Skip to main content

The Tarlton Law Library is open at this time with access limited to current UT Law students, faculty, and staff. Members of the UT Austin community unaffiliated with the law school may contact the Circulation Desk (, 512-471-7726) for assistance with accessing library resources. Online reference services are also available. Please see the Tarlton Reopening FAQs and the Texas Law Fall 2020 Reopening Plan for additional details

Tarlton Law Library logo Texas Law Home Tarlton Law Library Home
Today's Operating Hours:
The Peregrinus

An Origin Story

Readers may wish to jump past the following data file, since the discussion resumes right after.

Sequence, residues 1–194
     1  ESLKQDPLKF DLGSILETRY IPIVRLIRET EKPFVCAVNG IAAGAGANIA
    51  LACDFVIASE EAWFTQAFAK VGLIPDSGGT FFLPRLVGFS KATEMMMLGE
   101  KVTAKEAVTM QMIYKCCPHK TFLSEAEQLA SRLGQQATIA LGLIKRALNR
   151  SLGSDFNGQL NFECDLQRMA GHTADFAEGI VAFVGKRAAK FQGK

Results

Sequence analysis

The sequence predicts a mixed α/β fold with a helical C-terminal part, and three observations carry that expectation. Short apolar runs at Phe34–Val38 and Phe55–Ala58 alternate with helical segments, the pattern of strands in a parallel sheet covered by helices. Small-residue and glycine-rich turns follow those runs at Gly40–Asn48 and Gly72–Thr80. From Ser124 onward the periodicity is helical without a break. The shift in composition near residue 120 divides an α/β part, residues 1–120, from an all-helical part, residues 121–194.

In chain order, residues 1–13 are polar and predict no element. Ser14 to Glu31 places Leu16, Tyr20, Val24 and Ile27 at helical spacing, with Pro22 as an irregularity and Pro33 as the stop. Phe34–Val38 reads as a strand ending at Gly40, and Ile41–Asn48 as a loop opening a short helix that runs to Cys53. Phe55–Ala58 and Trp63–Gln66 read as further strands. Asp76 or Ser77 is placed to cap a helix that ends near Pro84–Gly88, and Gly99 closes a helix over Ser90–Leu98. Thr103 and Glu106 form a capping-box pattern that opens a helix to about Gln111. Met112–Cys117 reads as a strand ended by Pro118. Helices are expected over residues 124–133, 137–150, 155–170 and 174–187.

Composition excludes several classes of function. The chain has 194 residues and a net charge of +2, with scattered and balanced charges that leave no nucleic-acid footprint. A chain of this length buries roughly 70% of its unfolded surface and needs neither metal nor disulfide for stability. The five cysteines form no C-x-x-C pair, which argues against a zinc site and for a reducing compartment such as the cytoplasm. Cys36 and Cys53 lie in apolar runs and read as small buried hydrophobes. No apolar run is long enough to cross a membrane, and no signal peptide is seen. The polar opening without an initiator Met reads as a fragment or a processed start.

Sources regarding the origin of the Peregrinus agree that the creature was born in Professor Simkins’ equity class around 1900, and that Russell Savage, class of 1902, Russell Savage 1902 Notebook pages with drawing of Peregrinusfirst drew the beast. The stories also agree that the term itself came from the Praetor Peregrinus, a traveling Roman law official. Beyond these points there is some disagreement. A version attributed to Professor Simkins in the 1924 book The Peregrinusings claims that the invention of the Peregrinus was merely the end result of the students’ running joke about the term “Peregrinus.” Another claims that Professor Simkins was covering Roman law in class, and called on a drowsy student to explain what a Peregrinus was. Startled, the student stated that he did not know, unless it was some kind of animal. Soon afterwards, an inspired classmate, Russell Savage, drew the first incarnation of the Law School’s "patron saint" on a chalkboard.